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Wisconsin Court Finds Evidence Sufficient for Arson Conviction
WISCONSIN COURT FINDS EVIDENCE SUFFICIENT FOR ARSON CONVICTION
In State v. Chu, No. 01-1934-CR (March 26, 2002), the Wisconsin Court of Appeals reviewed the defendant's arson conviction. Chu argued that he was wrongfully subjected to racial stereotyping when the prosecutor referred to his Korean culture. He presented four additional arguments, relating to exculpatory evidence, sufficiency of the evidence, ineffective assistance of counsel and the trial court's admission of evidence.
Chu's convictions relate to a January 4, 1998, fire at one of several dry cleaning stores owned by Chu's parents, So Man and Sun Hee. The fire destroyed part of the building, as well as some machines and dresses that were in the store. Chu, who was a seventeen-year-old high school student in January 1998, often worked at the stores.
According to Belinda and Jeff VanDeLeygraaf, who lived in the house next to the store, a small car playing loud music pulled into the store driveway at approximately 8 p.m. The VanDeLeygraafs both testified that they saw three or four individuals near or in the car.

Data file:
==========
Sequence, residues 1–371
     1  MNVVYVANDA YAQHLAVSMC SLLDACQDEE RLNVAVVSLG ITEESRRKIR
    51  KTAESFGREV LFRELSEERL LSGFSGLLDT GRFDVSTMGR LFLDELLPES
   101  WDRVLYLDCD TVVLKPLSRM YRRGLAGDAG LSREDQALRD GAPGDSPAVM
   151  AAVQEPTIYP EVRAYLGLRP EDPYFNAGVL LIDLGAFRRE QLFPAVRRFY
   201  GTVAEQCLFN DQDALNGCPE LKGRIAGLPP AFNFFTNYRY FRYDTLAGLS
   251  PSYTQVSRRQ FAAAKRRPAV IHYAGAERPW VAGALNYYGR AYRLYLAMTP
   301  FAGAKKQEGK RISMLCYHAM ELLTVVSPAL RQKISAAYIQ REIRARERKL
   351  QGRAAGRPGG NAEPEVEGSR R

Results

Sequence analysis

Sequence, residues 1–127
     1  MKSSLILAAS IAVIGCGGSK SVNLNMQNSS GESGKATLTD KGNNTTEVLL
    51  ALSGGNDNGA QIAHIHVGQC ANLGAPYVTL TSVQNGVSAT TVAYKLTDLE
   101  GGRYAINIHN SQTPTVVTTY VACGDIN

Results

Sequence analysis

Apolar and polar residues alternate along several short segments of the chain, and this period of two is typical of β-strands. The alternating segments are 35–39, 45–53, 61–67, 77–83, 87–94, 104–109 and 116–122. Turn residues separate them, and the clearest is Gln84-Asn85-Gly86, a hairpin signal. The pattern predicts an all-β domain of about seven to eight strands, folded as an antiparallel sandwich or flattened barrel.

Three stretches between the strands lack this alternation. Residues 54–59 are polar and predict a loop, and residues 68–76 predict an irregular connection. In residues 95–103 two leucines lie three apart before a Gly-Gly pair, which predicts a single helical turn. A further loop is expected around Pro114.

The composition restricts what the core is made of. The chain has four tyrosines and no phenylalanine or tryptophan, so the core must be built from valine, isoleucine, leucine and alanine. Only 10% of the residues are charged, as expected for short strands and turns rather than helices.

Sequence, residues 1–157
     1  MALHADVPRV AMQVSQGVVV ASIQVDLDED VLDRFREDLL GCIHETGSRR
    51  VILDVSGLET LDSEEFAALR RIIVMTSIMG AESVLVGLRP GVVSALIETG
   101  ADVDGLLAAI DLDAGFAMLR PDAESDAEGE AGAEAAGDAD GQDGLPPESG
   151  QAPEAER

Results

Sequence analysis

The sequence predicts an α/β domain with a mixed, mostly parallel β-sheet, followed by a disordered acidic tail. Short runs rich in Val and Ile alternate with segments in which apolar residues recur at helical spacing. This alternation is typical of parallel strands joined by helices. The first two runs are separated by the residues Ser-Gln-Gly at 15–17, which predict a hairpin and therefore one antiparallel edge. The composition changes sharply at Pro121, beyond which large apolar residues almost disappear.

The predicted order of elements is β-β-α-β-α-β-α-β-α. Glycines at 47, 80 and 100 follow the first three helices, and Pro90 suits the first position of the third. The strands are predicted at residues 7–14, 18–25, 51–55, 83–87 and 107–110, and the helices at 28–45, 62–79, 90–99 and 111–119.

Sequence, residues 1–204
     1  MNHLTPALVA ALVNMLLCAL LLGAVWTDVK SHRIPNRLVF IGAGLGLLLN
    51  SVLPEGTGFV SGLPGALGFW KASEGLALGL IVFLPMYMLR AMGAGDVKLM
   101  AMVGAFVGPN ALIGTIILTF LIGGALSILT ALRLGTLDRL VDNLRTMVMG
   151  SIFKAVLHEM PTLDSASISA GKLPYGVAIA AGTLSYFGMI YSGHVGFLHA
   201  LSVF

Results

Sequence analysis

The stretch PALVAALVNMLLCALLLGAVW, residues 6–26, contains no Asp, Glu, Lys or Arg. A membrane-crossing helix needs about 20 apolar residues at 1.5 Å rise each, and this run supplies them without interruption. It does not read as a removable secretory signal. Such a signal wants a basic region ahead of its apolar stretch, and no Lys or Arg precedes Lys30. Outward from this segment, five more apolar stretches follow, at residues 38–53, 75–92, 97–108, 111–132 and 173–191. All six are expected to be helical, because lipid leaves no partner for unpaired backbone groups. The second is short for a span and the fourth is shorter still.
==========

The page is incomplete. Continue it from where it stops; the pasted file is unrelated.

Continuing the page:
The VanDeLeygraafs saw an Asian male exit the store through the overhead garage door and get into the car. Then, the four individuals drove away. Jeff testified that he recognized the man as someone who drove the delivery van for So Man.
At approximately 8:30 p.m., two citizens driving past the store observed that it was on fire. They went to the VanDeLeygraafs' home and asked them to call 911. Officer Jeffrey Gross of the City of Appleton Police Department was dispatched to the store.
Upon arrival, Gross observed an open window on the eastside of the building. The fire ultimately was extinguished, but not before it caused substantial damage to the building and property inside, including machines and dresses. Law enforcement began an investigation to determine the cause of the fire. Investigators found no sign of forced entry and concluded that the open window indicated an attempt to the keep oxygen in the building so that the fire would burn.
Eugene Reece, Deputy Fire Chief for the City of Appleton and one of the State's arson experts, testified that he and his team of investigators eventually ruled out electrical appliances, spontaneous combustion of chemicals, sunlight and accidental factors as causes of the fire. Reece's opinion was that the fire was intentionally set. Daniel Hughes, an independent fire investigator and another of the State's arson experts, held the same opinion.